A Connecticut attorney is not entitled to more than the $70,000 his peers allotted him for his relatively small role in a settlement with alleged robocaller Collecto Inc. that yielded $1.3 million in attorneys’ fees, a federal judge decided on Monday.

  • May 14, 2018

    Schiff Hardin Must Face Malpractice Suit, 5th Circ. Told

    Ironshore Europe DAC asked the Fifth Circuit on Monday to allow it to go forward with its claim Schiff Hardin LLP's bad advice about a product liability trial cost it $34 million, saying the law firm is liable under Texas law.

  • May 14, 2018

    Legal Malpractice Suit Was Tossed Too Soon, NJ Court Says

    A New Jersey appeals court on Monday revived a legal malpractice suit accusing a personal injury attorney of botching a woman’s twin car accident settlements, saying the trial judge erred by tossing the suit before factual disputes could be resolved.

  • May 14, 2018

    Jones Day Shorted Worker's Disability Benefits, Suit Says

    A former Jones Day employee accused the firm and an insurer in a lawsuit filed in Tennessee federal court Monday of improperly cutting off her short-term disability benefits and denying her other coverage.

  • May 14, 2018

    5th Circ. Revives Atty's Bad Faith Claims In Coverage Row

    The Fifth Circuit has revived a Texas attorney's claims that her insurer acted in bad faith by refusing to pay defense costs in litigation with a former client, ordering a trial judge to review the alleged violations of the state insurance code in light of a recent Texas Supreme Court ruling.

Expert Analysis

  • How Florida Affirmed Fiduciaries' Lawyer-Client Privilege

    Paul Marino

    The lawyer-client privilege is a cornerstone of the American legal system. But until recently, there was significant doubt in Florida as to whether communications between a lawyer and a fiduciary client could be kept confidential from a beneficiary seeking to compel the production of those communications, say Paul Marino and Jay Kauffman of Day Pitney LLP.

  • There Is A Cognitive Science Behind Big Jury Verdicts

    Dennis.Stolle

    In most trials with large verdicts, the jury award is determined by multiple factors, including the facts of the case, strength of evidence, bias, emotion and jury instructions. However, we should not disregard the effect on jurors of the cognitive limits conceptualizing large numbers, say Dennis Stolle and Amit Patel of ThemeVision LLC, a jury research and litigation consulting firm affiliated with Barnes & Thornburg LLP.

  • Opinion

    BigLaw Doesn't Have A Diversity Problem

    Marlen Whitley

    Although the lack of racial and gender diversity among the ranks of the majority of both midsized and top law firms is a major issue, it’s past time to shed light on the real problem — inclusion, or lack thereof, says Marlen Whitley of Reed Smith LLP.

  • The Importance Of Attorney Etiquette In The Courtroom

    Christina Marinakis

    It’s difficult to say whether an attorney’s social etiquette has any impact on the verdict outcome, but the fact that jurors continually tell us about counsel’s irksome behaviors suggests that, at the very least, these behaviors distract jurors from the issues on which they should be concentrating, says Christina Marinakis, director of jury research at Litigation Insights.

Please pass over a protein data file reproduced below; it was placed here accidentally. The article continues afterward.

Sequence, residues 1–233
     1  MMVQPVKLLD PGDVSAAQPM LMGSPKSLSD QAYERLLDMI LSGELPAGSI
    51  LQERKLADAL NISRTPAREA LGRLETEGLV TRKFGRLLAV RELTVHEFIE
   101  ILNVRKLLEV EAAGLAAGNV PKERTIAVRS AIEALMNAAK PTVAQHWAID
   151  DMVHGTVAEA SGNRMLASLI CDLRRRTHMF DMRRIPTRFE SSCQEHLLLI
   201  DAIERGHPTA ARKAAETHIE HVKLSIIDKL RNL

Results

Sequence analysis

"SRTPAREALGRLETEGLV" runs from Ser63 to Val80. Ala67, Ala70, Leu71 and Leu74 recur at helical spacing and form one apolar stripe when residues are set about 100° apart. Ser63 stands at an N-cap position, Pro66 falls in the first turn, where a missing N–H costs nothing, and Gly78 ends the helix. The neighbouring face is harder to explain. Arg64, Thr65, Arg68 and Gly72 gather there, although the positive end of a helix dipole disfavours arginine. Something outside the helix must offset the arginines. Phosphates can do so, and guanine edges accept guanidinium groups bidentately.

• Opinion

    Roman J. Israel, Esquire, Meet Donald J. Trump, POTUS

    Kevin Curnin

    Despite the Trump administration's desire to shut down the Legal Services Corp., thankfully the budget that Congress passed and the president signed into law last week has restored $410 million of funding to the legal aid organization. An unlikely brief for preserving LSC may be found in the quirky Denzel Washington film "Roman J. Israel, Esq.," says Kevin Curnin, immediate past president of the Association of Pro Bono Counsel.

  • Opinion

    We Need A Cybersecurity Framework For Law Firms

    Shaun Jamison

    In order to enable lawyers to best meet cybersecurity challenges, state bars should pass rules that adopt a cybersecurity framework to be developed by a national committee, says Shaun Jamison, associate dean of faculty and professor at Purdue University's Concord Law School.

  • Equity Partnership Isn’t What It Used To Be

    Jeff Liebster

    To many young attorneys, becoming an equity partner shows a firm's long-term commitment, meaning job security and a voice in important firm matters. However, the industry has changed and nowadays it may not be better to enter a new firm as an equity partner, says Jeffrey Liebster of Major Lindsey & Africa.

  • Series

    Judging A Book: Hardiman Reviews 'Without Precedent'

    Judge Thomas Hardiman

    In his new book, "Without Precedent: Chief Justice John Marshall and His Times," professor Joel Richard Paul ably explains more than a dozen of Marshall’s most significant opinions, which comes as no surprise​. ​What is a surprise — a pleasant one — is the book's readability, says Judge Thomas Hardiman of the Third Circuit.

  • Top Tax Changes For Law Firms: What Lawyers Need To Know

    Evan Morgan

    For law firms structured as corporations, a lower maximum corporate tax rate and repeal of the corporate alternative minimum tax are good news. But many law firms are pass-through entities, so deduction limitations mean they'll see less benefit from the new tax law, says Evan Morgan of CPA and advisory firm Kaufman Rossin PA.

  • Opinion

    Companies Should Avoid The BigLaw Bonus Structure

    Michael Moradzadeh

    Since passage of the Trump tax plan last year, companies have been touting bonuses they’ve handed down to rank-and-file employees. This highlights the trend of employers favoring bonuses over pay raises in the belief that variable, short-term rewards are less risky to the business than permanent increases in labor costs. But law firms have used this strategy for years — and there are dangers, says Michael Moradzadeh of Rimon PC.